Mobile chunks of DNA that walk their way from one position in the genome to another may affect neurological diseases and could have subtle influences on normal brain function and behavior, according to a recent study in Nature.

Alu is an example of a so-called “jumping gene” – a transposable DNA sequence that “reproduces” by copying itself and inserting into new locations throughout the genome. Alu elements are classified as SINEs, or Short INterspersed Elements. All Alus are approximately 300 bp in length and derive their name from a single recognition site for the restriction enzyme AluI located near the middle of the Alu element. Alus are also classified as retrotransposons, because they need a special enzyme (a reverse transcriptase) to produce mobile copies. However Alus are “defective transposons” as they depend on the enzymes of other transposons for mobility, like the best characterized retrotransposon family called L1, a Long INterspersed Element (LINE).

Once an Alu inserts at a chromosome locus, it can copy itself for transposition, but there is no evidence that it is ever excised or lost from a chromosome locus. So, each Alu insertion gets fixed through evolutionary time. Like genes, Alu insertions are inherited in a Mendelian fashion from parents to children.

First discovered in corn about 60 years ago by Nobel laureate Barbara McClintock of Cold Spring Harbor Laboratory, jumping genes are now known to make up more than 40 percent of the entire human genome and may play an important role in genome evolution by creating new mutations and gene combinations.

Until this recent study, L1 retrotransposition was assumed to take place during early development mainly in germ cells (ovaries and testes) and rarely in somatic tissues (non-sex cells). Now researchers from the Roslin Institute near Edinburgh, Scotland, have capaciously mapped retrotransposon insertion sites in the genomes of normal human brain cells.

The researchers used state-of-the-art DNA sequencing technology to identify retrotransposons in brain tissue samples taken at postmortem from three individuals who were healthy when alive and had no neurological disease, nor signs of abnormality in their brain tissue. Focusing on two regions—the hippocampus and caudate nucleus (that is also involved in memory)—they identified nearly 25,000 different sites for the three main retrotransposon families: L1, Alu and SVA.

The numbers are impressive: their analyses identified a total of 7,743 insertions of L1s in the hippocampus and caudate nucleus, areas that were known to show cell division after embryogenesis. They also found nearly 14,000 insertion sites for the Alu family, which has not been encountered before in the brain.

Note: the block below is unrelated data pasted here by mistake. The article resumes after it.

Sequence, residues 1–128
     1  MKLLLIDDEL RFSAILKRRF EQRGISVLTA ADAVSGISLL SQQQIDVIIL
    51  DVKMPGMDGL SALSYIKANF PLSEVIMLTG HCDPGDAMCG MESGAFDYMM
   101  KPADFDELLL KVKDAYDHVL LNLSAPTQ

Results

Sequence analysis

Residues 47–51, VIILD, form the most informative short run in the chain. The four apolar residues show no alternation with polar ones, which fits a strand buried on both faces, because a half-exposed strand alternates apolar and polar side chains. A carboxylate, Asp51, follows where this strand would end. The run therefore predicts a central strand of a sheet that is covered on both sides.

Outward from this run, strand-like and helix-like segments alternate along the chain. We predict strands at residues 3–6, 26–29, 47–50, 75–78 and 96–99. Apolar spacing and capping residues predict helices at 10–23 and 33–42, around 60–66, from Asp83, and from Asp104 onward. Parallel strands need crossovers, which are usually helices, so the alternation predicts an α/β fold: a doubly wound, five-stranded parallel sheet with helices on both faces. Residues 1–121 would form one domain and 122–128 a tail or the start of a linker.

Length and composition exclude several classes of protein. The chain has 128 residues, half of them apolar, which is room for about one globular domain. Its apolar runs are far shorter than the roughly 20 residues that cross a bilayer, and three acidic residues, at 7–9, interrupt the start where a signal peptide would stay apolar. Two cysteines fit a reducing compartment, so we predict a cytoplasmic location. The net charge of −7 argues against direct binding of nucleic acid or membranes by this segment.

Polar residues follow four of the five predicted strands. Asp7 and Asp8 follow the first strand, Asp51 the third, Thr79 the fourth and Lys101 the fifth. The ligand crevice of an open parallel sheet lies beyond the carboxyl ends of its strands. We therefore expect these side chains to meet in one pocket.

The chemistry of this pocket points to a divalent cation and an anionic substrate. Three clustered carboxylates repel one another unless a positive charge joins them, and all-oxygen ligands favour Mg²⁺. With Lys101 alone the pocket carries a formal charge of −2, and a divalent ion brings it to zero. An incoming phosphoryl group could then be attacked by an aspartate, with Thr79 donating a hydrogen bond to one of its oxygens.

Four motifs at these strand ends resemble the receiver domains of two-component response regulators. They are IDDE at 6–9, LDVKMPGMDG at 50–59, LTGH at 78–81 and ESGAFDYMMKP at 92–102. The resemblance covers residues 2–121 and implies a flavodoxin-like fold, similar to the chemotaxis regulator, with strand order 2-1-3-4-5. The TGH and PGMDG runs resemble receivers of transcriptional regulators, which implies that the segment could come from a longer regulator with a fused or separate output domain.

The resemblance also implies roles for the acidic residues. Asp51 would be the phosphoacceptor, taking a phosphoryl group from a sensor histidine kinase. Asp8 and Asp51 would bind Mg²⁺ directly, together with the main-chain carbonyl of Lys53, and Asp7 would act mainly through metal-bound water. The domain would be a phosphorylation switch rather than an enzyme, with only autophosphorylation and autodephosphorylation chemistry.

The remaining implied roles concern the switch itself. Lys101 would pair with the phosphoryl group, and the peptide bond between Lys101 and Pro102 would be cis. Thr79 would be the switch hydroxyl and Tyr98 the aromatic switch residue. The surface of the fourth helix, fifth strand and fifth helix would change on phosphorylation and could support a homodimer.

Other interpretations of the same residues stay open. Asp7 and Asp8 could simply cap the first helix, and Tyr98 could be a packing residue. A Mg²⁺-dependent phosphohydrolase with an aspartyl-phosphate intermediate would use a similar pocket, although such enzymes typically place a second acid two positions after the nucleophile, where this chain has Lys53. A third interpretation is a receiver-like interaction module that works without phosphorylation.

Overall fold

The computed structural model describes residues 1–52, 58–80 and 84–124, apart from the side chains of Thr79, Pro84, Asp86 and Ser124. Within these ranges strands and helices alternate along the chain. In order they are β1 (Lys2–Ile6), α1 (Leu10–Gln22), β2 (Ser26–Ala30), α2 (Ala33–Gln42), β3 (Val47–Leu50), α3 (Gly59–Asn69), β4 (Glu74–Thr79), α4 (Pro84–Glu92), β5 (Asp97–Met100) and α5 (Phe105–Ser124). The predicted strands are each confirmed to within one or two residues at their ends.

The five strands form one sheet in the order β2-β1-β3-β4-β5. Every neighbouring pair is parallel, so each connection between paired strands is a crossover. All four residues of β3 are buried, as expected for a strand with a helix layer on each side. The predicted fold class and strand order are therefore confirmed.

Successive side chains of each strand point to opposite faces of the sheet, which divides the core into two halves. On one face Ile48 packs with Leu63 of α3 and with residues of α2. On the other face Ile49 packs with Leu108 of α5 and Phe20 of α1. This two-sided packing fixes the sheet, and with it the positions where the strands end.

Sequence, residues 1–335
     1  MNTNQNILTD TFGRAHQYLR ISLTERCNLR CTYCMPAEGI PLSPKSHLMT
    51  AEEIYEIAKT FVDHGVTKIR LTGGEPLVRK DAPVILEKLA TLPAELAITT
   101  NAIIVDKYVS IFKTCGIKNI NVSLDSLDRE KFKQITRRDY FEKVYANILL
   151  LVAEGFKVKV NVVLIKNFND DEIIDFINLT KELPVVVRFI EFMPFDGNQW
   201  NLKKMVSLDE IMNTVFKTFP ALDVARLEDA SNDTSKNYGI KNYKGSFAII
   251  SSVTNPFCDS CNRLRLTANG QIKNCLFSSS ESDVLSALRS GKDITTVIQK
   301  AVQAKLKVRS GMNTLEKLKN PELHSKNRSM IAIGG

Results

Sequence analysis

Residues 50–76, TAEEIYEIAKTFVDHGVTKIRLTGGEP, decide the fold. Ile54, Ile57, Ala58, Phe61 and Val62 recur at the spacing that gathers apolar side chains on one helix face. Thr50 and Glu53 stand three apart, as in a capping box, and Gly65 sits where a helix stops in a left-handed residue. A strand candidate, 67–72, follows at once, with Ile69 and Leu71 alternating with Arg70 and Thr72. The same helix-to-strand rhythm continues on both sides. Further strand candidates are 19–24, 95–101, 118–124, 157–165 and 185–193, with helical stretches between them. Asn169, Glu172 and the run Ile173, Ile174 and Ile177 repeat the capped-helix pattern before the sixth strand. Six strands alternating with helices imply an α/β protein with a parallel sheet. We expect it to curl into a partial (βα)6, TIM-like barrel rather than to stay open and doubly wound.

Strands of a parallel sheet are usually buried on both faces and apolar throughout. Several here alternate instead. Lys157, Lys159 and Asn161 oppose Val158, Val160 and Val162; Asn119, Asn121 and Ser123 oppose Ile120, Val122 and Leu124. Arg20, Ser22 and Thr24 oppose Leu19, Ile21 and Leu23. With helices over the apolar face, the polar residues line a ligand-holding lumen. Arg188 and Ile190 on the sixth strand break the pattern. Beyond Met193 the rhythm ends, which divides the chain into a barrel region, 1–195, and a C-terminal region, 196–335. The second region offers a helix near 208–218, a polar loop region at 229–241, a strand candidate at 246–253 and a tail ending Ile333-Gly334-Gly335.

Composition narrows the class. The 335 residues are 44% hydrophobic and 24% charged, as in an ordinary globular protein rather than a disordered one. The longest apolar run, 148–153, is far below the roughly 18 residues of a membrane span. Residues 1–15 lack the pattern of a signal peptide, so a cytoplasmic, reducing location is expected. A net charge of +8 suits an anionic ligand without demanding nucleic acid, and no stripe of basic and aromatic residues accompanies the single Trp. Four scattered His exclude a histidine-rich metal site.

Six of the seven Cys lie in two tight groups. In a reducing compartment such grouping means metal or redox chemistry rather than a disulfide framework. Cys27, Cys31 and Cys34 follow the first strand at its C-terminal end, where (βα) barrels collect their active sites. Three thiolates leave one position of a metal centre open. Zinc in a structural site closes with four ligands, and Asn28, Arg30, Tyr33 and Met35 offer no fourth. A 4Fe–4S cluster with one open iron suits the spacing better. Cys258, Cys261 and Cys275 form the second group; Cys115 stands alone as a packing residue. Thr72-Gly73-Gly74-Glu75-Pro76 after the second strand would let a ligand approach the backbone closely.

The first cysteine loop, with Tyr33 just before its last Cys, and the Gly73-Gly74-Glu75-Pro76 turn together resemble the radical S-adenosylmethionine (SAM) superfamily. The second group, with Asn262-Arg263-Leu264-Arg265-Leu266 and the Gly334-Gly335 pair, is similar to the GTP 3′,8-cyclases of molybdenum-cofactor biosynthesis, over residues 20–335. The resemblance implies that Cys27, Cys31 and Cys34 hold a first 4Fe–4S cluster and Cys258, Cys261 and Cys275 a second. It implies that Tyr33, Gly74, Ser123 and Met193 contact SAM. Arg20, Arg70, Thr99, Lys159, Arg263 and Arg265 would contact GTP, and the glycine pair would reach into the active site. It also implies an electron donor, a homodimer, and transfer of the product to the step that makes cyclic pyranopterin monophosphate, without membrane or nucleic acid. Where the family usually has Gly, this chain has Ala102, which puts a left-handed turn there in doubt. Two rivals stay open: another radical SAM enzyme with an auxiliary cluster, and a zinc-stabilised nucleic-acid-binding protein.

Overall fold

Interestingly each sample showed its own set of unique retrotransposition events, which meant each one had an individual mutagenesis background. According to the study, retrotransposons more likely to be integrated in genes that were expressed in the brain, perhaps because these genes are more susceptible, as their DNA is packaged in a more accessible way.

So what is the consequence when retrotransposons preferentially jump within genes that play key roles in normal brain function? They cause normal gene expression to shut down, disrupting normal gene function. Affected genes include those genes encoding receptors for the neurotransmitter dopamine and membrane transporters. Others integrated in tumor-suppressor genes, which are deleted in several different types of brain cancer. Jumping genes were also found within genes encoding regulatory proteins linked to psychiatric illnesses, such as schizophrenia and Alzheimer’s disease. As well as generating mutations by inserting themselves into and disrupting genes, retrotransposons can alter gene activity if inserted into adjacent regulatory regions of DNA. Such alterations can have a valuable or harmful outcome, without doubt a powerful tool driving evolution.

The researchers also reported that jumping genes were more active in the hippocampus compared to the caudate nucleus. This is highly interesting, because the hippocampus is known to be critical for memory and learning, and is thought to be one of the few parts of the brain that continues to produce new cells throughout life. Are jumping genes therefore involved in how we learn? Researchers are now beginning to investigate whether jumping genes help us adapt processing information through learning.
So when do jumping genes actually get mobile?  It has to happen during the brain’s development because retrotransposition requires cell division. After early childhood this does not take place in the brain; new neurons are generated in the hippocampus from stem cells, through a process called neurogenesis.  Retrotransposons then take the opportunity to jump randomly (!) into parts of the chromosome that have been opened up for DNA replication.

Once thought to be rare, these neural integration events actually take place surprisingly often. The analyses in this latest study suggested that most brain cells undergo an average of 80 L1 integration events! This means each neuron is likely subjected to a unique combination of insertions, leading to a “genomic plasticity” within populations of cells.

This research completely overturns the belief that the genetic make-up of brain cells remains static throughout life. It indicates that neuronal networks are constantly changing with each new experience as novelty and challenge both trigger neurogenesis. It may finally result in differences in brain function among individuals, even in genetically identical twins.


Further reading:

Video link about Alu elements and Autism.

Nature papers about L1 transposition in human neurons and the impact of Alus on human evolution.